Michael Dessen Trio – Between Shadow And Space (CF 106)
In a little over a decade, computers have gone from being a novelty to a ubiquitous musical tool. Their uses range from strictly adjunctive – my favorite example is seeing Michael Morley on stage with Two Foot Flame referring to a document on his laptop screen that contained the settings he needed to enter into his old Moog synthesizer before each song — to a deep engagement with the thing’s abilities to shape and originate sound. Given that computers still can’t match the reaction speed of a guitar, saxophone or drum kit as an instrument, it’s ironic that so many improvisers embrace then. This CD, the debut by trombonist Michael Dessen’s trio, shows how well the computer can fit into a jazz context when it’s in able hands.
Dessen, like a lot of jazz musicians in recent years, has split his time and tutelage between academia and real-world endeavors, so while he brings strong chops and a clear sense of purpose to his music, he also recognizes that sometimes audiences want the music to come to them. He’s selected his fellow musicians well. Bassist Christopher Tordini brings versatility. He introduces “Restless Years” with a big, bold pulse, anchoring Dessen’s muted melodic explorations. But on “Granulonum,” he plucks out intricate figures that occupy their own space and constantly negotiate with the boundaries of the other two instruments’ sound zones; they overlap in flux, like a three-circle Venn diagram that is in constant revision as new data comes in. And when Dessen opts for long tones later in the same track, Tordini compliments them with satisfyingly grainy bowing. Drummer Tyshawn Sorey is similarly flexible, and he shows a real flair for contributing small but strategic details, like his alternation of rests and stuttering cymbal forays in “Antithesis,” as well as carrying the whole load, as he does in a slow and intricate solo on “Chocolate Geometry.”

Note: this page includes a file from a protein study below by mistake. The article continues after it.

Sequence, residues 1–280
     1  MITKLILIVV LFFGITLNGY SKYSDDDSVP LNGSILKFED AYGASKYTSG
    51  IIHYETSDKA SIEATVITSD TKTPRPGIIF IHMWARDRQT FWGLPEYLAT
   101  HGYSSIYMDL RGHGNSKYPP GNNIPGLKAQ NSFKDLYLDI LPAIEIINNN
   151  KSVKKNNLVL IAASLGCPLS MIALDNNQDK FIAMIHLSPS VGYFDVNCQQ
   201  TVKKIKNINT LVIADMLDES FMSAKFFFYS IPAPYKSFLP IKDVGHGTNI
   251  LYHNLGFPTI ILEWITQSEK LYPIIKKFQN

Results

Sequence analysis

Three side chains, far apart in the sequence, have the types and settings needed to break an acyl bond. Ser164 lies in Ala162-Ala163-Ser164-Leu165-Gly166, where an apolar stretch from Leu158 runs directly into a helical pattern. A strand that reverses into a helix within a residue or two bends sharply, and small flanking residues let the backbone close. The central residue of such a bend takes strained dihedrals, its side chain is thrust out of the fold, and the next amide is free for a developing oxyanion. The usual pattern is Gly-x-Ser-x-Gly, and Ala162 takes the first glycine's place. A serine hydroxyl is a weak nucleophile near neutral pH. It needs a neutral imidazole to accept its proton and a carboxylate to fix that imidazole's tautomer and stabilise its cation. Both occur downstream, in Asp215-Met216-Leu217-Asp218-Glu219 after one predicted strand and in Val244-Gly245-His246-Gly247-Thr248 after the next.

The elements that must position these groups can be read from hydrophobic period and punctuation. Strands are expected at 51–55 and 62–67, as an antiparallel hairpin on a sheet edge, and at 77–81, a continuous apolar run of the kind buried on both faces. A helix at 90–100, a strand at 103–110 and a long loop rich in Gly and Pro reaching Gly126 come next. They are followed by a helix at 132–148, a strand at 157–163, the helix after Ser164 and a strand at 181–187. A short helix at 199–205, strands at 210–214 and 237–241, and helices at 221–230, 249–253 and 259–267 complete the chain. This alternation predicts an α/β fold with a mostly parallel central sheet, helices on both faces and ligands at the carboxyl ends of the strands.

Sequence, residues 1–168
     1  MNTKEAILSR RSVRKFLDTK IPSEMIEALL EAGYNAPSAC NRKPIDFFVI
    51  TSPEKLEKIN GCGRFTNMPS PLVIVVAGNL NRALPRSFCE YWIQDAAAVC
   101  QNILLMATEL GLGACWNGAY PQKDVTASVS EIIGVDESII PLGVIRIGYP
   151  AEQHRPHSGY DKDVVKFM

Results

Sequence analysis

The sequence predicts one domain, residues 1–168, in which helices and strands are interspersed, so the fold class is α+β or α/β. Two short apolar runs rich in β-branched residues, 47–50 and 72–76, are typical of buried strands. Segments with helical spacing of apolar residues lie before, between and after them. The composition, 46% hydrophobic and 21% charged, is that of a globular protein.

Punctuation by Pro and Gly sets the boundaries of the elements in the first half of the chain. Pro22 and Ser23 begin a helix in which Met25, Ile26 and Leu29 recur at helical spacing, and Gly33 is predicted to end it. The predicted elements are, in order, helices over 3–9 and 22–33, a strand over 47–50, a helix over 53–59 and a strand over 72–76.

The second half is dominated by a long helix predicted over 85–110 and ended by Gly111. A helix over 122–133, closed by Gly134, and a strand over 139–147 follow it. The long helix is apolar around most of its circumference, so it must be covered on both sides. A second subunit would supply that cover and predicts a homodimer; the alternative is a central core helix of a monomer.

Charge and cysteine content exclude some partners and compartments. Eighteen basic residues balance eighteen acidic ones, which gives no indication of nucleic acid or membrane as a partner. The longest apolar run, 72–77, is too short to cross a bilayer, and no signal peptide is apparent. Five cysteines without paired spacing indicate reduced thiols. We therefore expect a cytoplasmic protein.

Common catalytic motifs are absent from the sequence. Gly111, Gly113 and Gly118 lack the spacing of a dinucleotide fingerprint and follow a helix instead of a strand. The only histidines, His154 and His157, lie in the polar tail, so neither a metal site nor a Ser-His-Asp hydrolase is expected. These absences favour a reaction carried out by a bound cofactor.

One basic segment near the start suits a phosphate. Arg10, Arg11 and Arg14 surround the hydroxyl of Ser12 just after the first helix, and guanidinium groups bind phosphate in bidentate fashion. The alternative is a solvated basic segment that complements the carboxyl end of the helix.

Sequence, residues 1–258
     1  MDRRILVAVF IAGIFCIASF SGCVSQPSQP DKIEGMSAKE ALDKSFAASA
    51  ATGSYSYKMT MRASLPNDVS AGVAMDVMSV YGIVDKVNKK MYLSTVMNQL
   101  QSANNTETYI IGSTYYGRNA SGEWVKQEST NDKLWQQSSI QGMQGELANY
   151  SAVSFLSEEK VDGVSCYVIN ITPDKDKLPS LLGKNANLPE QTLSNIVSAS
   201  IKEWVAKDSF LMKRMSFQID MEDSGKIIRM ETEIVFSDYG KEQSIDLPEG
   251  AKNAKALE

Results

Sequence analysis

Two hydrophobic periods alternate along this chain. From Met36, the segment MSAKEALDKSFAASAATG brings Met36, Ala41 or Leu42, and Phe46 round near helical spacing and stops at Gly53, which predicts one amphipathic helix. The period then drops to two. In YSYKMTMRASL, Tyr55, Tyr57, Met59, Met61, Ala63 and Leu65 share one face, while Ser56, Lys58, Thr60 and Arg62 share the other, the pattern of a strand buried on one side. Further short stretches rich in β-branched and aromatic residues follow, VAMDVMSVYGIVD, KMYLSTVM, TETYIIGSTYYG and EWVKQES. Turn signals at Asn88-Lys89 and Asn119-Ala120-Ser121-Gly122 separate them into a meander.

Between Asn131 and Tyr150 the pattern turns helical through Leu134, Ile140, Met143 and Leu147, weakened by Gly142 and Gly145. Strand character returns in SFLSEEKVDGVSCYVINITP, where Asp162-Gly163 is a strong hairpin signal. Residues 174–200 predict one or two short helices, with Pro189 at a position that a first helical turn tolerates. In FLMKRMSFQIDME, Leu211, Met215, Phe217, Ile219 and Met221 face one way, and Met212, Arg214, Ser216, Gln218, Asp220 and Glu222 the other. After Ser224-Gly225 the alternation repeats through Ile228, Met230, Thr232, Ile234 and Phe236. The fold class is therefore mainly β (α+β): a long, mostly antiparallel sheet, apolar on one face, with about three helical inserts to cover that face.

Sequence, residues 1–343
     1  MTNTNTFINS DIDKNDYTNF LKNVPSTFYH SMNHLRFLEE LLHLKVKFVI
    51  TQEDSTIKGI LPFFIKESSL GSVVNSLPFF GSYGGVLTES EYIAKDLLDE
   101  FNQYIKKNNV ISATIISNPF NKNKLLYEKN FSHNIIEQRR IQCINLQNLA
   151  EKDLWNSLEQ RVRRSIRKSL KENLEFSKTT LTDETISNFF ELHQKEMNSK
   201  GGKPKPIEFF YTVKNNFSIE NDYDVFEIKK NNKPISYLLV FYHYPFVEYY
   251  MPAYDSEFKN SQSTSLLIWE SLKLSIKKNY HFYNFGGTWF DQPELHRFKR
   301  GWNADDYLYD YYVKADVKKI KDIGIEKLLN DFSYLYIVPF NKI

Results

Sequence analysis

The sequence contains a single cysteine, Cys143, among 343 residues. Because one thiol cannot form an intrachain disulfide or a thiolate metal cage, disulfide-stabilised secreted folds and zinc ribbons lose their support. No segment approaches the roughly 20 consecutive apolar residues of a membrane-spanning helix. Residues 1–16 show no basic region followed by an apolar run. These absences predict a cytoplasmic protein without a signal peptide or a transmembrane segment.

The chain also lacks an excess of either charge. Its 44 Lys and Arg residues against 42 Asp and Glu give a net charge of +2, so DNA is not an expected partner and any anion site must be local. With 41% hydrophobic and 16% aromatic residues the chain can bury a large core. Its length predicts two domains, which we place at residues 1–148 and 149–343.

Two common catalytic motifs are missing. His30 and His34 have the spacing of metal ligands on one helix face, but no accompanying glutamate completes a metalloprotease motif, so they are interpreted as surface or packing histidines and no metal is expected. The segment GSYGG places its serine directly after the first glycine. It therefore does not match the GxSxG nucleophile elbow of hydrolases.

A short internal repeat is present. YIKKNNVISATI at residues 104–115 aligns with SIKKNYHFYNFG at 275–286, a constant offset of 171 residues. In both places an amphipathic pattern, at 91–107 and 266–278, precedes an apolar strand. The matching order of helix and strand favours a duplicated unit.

On the title track, which opens the record, Dessen shows his skill at wringing a voluptuous and mournful tune from his trombone; he’s clearly capable of playing some fine music with the power out. But on five out of seven tracks, he doubles on computer, mostly using it to broaden his tonal and textural palette. It surfaces from the midst of an improvisation on “Chocolate Geometry” like a breaching whale, emitting warped brass tones that first swamp the proceedings, then find their place within a vigorous three-way conversation. On “Restless Years,” the computer’s squiggly voice doubles the trombone’s earthy line like a flashy monorail hugging the curb of a gravel road. And on “Water Seeks,” the gorgeous dedication to Alice Coltrane that closes the record, it magnifies the horn’s cry into a bobbing sea of sound. Records like this show how jazz can grow in the 21st century without losing its essential interactive and rhythmic characters.